History of the world in 100 seconds, according to Wikipedia

March 21, 2011  |  Mapping

History of the world mapped

As you know, the world wasn't always how you know it today. Land was discovered, people migrated, and significant events in history played out to shape what society is like now. For a glimpse in this sort of evolution of the world, Gareth Lloyd scraped all geotagged Wikipedia articles with time attached to them, providing a total of 14,238 events. Then he mapped them over time.

Your history lesson begins in 499 BC, when most of the documented events appear in Europe. Around the middle mark, you see some activity in Asia. Finally, around 1492 when Columbus sailed the ocean blue, got lost, and thought he was in India, there's a burst of activity worldwide. Fast forward to present day, and you've got an image that resembles a modern map.

Can you do something more with the data? Lloyd put all geotagged Wikipedia articles in a Google Fusion Table as well as the subset that has time attached.

[Ragtag via @aaronkoblin]

23 Comments

  • interesting to see how he makes points persist over time in order to show anything coherent at any one time. also presumably, much like images that are geotagged, some are just tagged ‘China’ with a big dot in the middle of it, whereas others are accurate to a few metres!

  • Karl Craig March 21, 2011 at 3:43 am

    It seems very biased towards the northern hemisphere.
    Did only 50 things happened in the southern hemisphere? Really?
    Great graphics though. I like that the points keep there faded to give the regions their shape.

    • @Karl, this shows, as mentioned in the Comments, “documented” events. So in this manner, it’s a fair portrayal and explains all the Eurocentric focus.

    • That was also my response. It’s worth noting that he’s only using geotagged articles from the ENGLISH Wikipedia. I have a hunch that it would look different if all of the Wikipedias were parsed.

  • Thanks for extending the title with “according to wikipedia”. I think it is important to state the source and meaning of your data as bluntly as possible. “Historical events with well structured data about time and place in wikipedia” might be even more precise :-)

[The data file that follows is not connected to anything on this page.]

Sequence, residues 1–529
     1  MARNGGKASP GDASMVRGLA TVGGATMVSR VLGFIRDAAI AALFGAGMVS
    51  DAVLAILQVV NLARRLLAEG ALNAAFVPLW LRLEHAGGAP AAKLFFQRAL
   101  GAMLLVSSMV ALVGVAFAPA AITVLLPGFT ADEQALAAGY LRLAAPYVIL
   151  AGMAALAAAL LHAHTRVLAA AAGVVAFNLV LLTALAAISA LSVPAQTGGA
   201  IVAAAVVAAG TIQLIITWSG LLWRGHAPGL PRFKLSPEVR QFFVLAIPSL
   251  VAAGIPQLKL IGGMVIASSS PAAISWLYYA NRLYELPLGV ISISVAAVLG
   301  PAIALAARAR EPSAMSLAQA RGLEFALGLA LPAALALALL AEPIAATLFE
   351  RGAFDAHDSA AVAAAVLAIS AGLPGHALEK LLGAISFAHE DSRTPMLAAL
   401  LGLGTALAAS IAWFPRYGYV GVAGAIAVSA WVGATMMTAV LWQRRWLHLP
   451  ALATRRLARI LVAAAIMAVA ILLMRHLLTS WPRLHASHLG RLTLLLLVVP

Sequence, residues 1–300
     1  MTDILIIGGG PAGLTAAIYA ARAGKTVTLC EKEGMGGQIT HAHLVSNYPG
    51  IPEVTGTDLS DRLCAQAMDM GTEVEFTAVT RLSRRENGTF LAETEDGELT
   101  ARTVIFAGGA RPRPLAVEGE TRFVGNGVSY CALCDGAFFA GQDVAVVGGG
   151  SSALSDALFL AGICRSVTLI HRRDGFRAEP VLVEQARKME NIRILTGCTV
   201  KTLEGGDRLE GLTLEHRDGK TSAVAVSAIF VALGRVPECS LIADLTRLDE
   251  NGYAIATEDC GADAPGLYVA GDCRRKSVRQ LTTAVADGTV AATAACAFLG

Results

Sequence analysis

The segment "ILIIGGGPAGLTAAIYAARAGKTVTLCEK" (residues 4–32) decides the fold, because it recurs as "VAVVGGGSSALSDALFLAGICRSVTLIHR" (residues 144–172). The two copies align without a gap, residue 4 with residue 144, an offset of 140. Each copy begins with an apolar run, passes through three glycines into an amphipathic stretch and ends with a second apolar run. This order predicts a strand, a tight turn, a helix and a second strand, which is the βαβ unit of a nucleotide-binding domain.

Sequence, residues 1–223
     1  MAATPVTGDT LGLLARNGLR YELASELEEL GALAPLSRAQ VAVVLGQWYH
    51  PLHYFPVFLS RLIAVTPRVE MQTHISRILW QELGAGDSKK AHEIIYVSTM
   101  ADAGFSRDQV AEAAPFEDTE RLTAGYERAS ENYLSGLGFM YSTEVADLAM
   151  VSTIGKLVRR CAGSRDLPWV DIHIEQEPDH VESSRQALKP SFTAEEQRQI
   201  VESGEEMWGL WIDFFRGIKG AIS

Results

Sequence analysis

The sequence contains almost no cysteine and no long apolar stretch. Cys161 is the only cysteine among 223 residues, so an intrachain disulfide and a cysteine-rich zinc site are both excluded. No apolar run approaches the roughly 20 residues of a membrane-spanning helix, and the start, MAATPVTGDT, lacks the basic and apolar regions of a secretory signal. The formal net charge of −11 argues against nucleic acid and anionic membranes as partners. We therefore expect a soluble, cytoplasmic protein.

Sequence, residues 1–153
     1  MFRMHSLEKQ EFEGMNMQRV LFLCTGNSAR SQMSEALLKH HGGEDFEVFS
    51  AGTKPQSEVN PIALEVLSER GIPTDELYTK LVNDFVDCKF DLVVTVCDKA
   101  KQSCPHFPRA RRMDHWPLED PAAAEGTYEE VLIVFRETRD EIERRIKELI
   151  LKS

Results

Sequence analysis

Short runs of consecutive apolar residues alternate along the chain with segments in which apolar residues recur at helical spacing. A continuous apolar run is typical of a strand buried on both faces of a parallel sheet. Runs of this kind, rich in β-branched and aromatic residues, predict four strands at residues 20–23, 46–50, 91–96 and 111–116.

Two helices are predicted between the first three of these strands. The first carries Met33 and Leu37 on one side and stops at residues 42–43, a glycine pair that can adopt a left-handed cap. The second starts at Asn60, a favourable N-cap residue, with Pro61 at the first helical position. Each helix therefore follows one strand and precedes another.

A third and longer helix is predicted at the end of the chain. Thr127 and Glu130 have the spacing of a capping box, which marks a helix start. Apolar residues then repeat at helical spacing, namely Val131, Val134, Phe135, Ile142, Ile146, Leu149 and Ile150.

• It still is scary to see the USA North and South border appear so clearly.

    • I’m not sure “scary” is the right word for that… “interesting” maybe, or “poignant” or “profound”, but definitely not “scary”

  • It’s a very good example to demonstrate what “a frog sitting in the bottom of a well” means.

    • Kindly explain “a frog sitting in the bottom of a well”, thanks.

      • 5.antiago May 8, 2011 at 4:15 pm

        It’s an ancient Chinese proverb, the story being that there’s a frog living at the bottom of a well who thinks his world is marvellous, but of course his view of the world is defined by the narrow confines of his well. A turtle comes along and tells him about the sea.

        I guess you get to choose whether this visualisation is narrow-minded or not.

        I personally think not. They’ve explained their method, highlighted the bias and the limitations, and made available the data for everyone else to have a go. That’s not “narrow-minded” in the same way as we mean it when we accuse some person of being narrow-minded.

  • You’ve just witnessed a representation of the viral spread of totalitarian agriculture.

  • putting it on a world map would make clearer sense, iam bad at visualising the places

  • We should do a history of Earth in 100s… 99s of nothing and then BAM! Life ^_^

  • Byron Hathaway March 24, 2011 at 12:44 pm

    The same “time-lapse” movements occur in Petrie dishes when viruses or bacteria are introduced and begin consuming all the sources of energy within the dish. This is especially true of cancer.

  • Perhaps you could put music with this like that 70′s hit, “The Popcorn Song” by Hot Butter.

  • I like the idea, but too bad the data source leads to a biased visualization. It suggests that the history of the world happened primarily in Europe and the United States. A seriously flawed assumption.

  • 5.antiago May 8, 2011 at 4:32 pm

    Has anyone followed the link to the original post by the authors themselves? The first comment is simply: “This is shit”.

    That made me laugh. There are large and obvious limitations in the visualisation of course, as noted in the comments here (and crucially, by the author as well), but I gather it was more a fun exercise and not designed to accurately communicate how the history of the world actually unfolded

    I suppose the detractors are waiting for the version where the birth of each individual human since the dawn of time is mapped out dynamically. Some people are never happy

    Anyway, I like it. It’s a creative idea, and a technically excellent project.

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